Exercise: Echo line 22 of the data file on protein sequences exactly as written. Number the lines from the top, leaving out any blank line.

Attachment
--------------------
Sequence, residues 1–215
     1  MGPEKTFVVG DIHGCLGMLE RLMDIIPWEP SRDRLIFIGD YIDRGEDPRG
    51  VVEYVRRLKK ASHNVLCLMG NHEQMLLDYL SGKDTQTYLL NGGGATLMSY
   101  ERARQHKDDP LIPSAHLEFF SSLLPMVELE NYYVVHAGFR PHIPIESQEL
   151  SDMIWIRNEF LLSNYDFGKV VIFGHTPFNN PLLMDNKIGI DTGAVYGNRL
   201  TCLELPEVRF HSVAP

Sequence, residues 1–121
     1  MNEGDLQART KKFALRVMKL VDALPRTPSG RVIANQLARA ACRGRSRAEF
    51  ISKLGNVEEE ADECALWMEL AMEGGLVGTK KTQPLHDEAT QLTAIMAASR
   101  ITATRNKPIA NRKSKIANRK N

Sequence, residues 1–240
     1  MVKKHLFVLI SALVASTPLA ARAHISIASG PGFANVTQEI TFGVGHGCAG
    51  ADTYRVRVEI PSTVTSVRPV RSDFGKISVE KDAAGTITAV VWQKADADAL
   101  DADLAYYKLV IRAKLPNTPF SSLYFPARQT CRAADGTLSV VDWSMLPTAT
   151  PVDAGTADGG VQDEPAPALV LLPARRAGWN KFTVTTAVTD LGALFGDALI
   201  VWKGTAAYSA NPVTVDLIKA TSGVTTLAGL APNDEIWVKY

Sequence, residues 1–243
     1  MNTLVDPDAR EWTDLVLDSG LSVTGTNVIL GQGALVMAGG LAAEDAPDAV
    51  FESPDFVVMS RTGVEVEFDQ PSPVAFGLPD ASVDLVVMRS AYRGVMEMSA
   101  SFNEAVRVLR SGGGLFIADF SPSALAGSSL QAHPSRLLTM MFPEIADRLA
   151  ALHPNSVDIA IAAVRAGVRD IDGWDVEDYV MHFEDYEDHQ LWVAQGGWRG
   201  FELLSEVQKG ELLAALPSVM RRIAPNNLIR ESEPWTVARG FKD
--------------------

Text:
   201  FELLSEVQKG ELLAALPSVM RRIAPNNLIR ESEPWTVARG FKD